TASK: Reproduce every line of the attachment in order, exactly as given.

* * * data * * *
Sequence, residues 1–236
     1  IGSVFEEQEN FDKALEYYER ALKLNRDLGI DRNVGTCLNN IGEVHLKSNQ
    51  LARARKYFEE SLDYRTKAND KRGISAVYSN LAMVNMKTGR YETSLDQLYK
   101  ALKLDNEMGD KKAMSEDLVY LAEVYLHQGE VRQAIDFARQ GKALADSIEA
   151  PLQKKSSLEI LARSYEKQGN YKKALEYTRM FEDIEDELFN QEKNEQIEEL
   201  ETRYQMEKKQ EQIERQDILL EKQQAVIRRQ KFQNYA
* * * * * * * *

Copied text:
Sequence, residues 1–236
     1  IGSVFEEQEN FDKALEYYER ALKLNRDLGI DRNVGTCLNN IGEVHLKSNQ
    51  LARARKYFEE SLDYRTKAND KRGISAVYSN LAMVNMKTGR YETSLDQLYK
   101  ALKLDNEMGD KKAMSEDLVY LAEVYLHQGE VRQAIDFARQ GKALADSIEA
   151  PLQKKSSLEI LARSYEKQGN YKKALEYTRM FEDIEDELFN QEKNEQIEEL
   201  ETRYQMEKKQ EQIERQDILL EKQQAVIRRQ KFQNYA